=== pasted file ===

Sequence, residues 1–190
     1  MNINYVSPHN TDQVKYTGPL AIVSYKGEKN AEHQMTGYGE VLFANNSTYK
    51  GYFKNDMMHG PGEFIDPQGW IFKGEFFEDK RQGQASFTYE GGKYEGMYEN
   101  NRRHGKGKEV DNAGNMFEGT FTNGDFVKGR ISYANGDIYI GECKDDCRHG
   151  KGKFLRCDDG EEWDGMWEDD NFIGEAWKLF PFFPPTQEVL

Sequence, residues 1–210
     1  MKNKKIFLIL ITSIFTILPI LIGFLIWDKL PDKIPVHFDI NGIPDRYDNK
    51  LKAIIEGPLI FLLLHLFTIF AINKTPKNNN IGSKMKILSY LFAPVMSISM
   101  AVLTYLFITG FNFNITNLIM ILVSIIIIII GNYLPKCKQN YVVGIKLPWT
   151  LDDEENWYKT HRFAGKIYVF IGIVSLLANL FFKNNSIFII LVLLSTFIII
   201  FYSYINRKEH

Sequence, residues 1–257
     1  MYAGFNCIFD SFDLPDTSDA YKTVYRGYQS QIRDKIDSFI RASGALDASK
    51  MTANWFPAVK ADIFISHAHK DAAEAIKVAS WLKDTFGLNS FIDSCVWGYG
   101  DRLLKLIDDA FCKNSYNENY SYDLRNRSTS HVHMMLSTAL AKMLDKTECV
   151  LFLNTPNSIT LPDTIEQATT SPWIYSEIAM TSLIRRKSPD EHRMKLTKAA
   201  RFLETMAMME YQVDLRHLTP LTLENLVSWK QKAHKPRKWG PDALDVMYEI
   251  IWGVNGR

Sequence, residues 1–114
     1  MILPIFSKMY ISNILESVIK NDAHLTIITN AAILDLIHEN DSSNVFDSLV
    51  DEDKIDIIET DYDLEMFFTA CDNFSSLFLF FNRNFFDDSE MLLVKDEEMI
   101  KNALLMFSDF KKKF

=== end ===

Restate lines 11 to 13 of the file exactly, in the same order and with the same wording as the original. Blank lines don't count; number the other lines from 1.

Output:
   201  FYSYINRKEH

Sequence, residues 1–257
     1  MYAGFNCIFD SFDLPDTSDA YKTVYRGYQS QIRDKIDSFI RASGALDASK